Swimming across the river is not a simple feat. The current is strong, and the alligators are menacing. But it is one thing for the wildebeest or zebra to make it to the other side of the river, and very much another thing to make it up to safety on top of the river bank. After the first few animals have crossed, the rocks on the river’s edge become wet and slippery: it’s all to easy for the next creature to slip and break a leg. If so, he is helpless and will drown.

A group of 10 zebra make their way down to the river. They are no longer relaxed, as when they are grazing: their eyes are open wide, and their tails wag furiously. The tension is palpable as 3 or 4 line up at the water’s edge. A hoof is tentatively placed in the fast-moving water, and they are going to cross. No, they’re not: one zebra jumps back 3 steps and the rest instantly follow suit. This goes on interminably.

Finally, after dozens of false starts, one zebra jumps in, followed by a second and a third and another then another. They’re trying to swim straight across, but the strong current carries them downstream. The first reaches the other side and clambers up on the rocks, as do all the rest. The smallest zebra has trouble jumping up on the rocks, but eventually makes it.

The wildebeest then jump in, 15 or 20 of them, while a few hundred stay behind. The wildebeest all make it, as well. A line of vultures, meanwhile, stand in grim watch on the riverbank above.

I saw no zebra or wildebeest perish during their crossing, and I’m happy for that.

The Migration, redux

The migration, I learn, is not something to be seen. It is something to be experienced.

To spend hours among the wildebeest, the unending herd of wildebeest as they graze and march and graze some more and run and escape death – or not – all while on a never-ending journey. To be among these noble creatures who have no homes. For me it defies description.

The Masai Mara
The Migration is, by far, the most amazing natural spectacle that I have ever witnessed. To be able to experience the Migration is, for me, reason enough to go to the Mara.

You also can see an incredible volume of animals in the Mara; finding large mammals there is as challenging as finding cows in Wisconsin. Off the top of my head, I recall, in addition to the beasts mentioned earlier, Thompson’s gazelle, impala, mongoose, hippos, giraffe, great gazelle, warthogs, baboons, hartebeest, cheetah, topi, and surely many more, to say nothing of all the birds.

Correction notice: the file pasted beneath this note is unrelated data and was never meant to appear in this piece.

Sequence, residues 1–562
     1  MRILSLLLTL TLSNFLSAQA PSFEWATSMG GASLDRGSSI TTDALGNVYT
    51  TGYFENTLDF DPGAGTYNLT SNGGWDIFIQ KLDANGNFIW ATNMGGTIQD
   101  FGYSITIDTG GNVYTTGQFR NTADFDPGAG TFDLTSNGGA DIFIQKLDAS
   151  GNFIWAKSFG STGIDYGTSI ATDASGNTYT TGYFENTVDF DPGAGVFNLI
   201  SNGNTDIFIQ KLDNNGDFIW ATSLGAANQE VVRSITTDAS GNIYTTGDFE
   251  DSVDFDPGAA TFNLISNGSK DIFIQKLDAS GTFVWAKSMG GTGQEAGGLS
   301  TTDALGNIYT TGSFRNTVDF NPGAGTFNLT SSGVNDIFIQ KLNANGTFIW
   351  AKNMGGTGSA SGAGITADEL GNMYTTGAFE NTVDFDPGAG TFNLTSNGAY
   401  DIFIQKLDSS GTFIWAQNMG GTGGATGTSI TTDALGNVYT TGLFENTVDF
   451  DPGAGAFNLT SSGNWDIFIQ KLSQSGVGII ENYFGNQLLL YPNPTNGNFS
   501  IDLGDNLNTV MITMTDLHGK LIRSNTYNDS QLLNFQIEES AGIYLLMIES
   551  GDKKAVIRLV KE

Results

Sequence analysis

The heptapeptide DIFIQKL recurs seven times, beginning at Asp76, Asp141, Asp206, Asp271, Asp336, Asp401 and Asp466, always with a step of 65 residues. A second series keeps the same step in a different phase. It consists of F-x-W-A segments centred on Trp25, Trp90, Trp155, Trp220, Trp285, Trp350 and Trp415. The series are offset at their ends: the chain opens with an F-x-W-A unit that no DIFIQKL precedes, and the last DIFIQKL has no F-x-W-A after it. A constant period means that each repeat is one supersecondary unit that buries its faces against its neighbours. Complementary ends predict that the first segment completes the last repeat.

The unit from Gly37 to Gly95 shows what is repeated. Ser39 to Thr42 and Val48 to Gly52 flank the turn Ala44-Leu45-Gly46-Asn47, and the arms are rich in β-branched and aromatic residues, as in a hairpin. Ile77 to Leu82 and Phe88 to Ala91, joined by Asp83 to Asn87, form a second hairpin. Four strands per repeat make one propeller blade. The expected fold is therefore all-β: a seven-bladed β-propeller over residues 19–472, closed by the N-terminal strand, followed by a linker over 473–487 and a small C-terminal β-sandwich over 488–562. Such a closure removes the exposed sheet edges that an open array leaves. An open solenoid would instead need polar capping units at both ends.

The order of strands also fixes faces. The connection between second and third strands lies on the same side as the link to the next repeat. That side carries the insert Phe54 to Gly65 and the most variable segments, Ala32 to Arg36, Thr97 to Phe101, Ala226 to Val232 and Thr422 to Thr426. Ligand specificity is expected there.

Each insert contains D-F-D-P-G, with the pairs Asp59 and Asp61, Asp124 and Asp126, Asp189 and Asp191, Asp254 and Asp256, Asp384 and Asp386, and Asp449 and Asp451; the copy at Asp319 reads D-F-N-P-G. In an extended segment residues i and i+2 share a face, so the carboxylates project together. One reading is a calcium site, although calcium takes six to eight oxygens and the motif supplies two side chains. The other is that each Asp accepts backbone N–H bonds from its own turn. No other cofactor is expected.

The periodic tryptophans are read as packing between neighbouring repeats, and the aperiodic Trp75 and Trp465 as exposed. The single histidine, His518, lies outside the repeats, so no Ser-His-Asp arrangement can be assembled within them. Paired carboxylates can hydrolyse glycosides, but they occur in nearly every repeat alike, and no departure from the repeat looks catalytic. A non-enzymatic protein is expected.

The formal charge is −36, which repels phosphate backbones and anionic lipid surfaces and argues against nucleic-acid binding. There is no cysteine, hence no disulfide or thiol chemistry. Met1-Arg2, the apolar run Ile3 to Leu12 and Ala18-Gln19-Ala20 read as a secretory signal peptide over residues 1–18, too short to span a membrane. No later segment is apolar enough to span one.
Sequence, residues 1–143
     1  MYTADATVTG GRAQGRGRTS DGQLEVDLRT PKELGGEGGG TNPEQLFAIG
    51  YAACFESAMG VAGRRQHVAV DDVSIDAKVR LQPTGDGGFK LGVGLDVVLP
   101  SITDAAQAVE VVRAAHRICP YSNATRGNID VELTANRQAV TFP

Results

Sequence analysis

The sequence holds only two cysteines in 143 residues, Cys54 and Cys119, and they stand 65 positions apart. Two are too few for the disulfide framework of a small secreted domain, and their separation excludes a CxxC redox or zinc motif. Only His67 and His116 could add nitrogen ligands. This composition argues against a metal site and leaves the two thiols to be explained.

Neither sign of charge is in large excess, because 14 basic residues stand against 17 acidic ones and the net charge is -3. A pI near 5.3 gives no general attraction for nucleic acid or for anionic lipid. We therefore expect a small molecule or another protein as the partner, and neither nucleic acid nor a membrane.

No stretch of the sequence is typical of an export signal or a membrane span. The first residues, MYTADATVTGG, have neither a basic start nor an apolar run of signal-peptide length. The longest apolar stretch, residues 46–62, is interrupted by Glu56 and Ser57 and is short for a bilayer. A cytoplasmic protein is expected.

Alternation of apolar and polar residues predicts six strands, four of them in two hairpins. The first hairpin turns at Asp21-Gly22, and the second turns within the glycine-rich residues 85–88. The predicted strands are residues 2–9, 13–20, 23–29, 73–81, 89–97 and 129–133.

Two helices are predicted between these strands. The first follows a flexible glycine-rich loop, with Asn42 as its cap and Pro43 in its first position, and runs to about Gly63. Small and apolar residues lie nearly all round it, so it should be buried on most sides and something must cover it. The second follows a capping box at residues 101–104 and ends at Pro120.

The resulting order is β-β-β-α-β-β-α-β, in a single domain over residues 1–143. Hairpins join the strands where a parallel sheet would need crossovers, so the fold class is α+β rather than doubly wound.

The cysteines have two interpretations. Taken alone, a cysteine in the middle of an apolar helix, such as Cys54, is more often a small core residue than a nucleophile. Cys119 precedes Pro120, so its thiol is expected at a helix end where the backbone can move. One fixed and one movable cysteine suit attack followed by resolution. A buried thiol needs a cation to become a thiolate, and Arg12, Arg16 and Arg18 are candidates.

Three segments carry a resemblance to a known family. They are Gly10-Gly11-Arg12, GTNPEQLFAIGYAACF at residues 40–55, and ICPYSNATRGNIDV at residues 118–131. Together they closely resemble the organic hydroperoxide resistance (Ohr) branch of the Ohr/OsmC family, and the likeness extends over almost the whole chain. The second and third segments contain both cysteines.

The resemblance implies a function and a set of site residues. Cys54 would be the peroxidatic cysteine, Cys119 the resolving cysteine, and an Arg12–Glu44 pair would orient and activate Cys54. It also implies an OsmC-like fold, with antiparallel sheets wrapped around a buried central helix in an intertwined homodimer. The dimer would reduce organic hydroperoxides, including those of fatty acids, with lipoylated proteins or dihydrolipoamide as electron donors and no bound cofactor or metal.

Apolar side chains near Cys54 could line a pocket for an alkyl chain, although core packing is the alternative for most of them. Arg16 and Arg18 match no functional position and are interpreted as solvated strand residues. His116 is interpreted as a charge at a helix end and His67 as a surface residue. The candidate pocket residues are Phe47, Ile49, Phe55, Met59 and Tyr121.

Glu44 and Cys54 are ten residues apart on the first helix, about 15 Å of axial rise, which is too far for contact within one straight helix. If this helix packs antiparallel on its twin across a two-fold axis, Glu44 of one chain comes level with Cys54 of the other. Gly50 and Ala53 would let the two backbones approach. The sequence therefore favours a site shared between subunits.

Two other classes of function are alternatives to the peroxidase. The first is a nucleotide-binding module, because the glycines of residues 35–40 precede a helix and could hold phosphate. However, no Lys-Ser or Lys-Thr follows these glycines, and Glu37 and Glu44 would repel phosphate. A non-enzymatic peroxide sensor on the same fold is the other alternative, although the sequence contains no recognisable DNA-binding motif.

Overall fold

And all of my fellow tourists and safari-goers. At the river crossing, I counted 19 vehicles on our side of the river, and another 7 or 8 on the Kichwa Timbo side. It was not unusual to see 5 or 6 vehicles around a cat. However, it was also not a problem to enjoy places all by yourself – for example, relaxing in the midst of a wildebeest herd.

Il Moran

I really enjoyed Il Moran; it is a lovely camp. The lodge and all of the tents (there are 10, I believe) overlook the Mara River, where a group of hippos routinely spend their days relaxing and bathing on the other side.

My tent is beautiful and luxe, and it is enormous -- as large as most hotel suites. The tent has a queen-size bed, a writing desk, 2 comfortable chairs, a hanging closet, and clothes rack. The bathroom includes an open rain shower, toilet, bidet, double sinks, and towel rack. The verandah has 4 chairs. The furniture is made from exquisite wood – it is stunningly beautiful.

The staff are especially warm and gracious, always making themselves available.

Lunch is a spectacular affair, served at river-side tables. A homemade vegetable soup starts things off, followed by a buffet that typically includes a barbecued meat (chicken or lamb for example) plus 6 or 8 warm and cold dishes (salads, potatoes or rice, cold meats, etc.), as well as dessert. Dinners are more formal, served in the open-air dining area. They also begin with a homemade soup, followed by an appetizer, then a choice of two main dished. All of the food is absolutely fresh and delicious.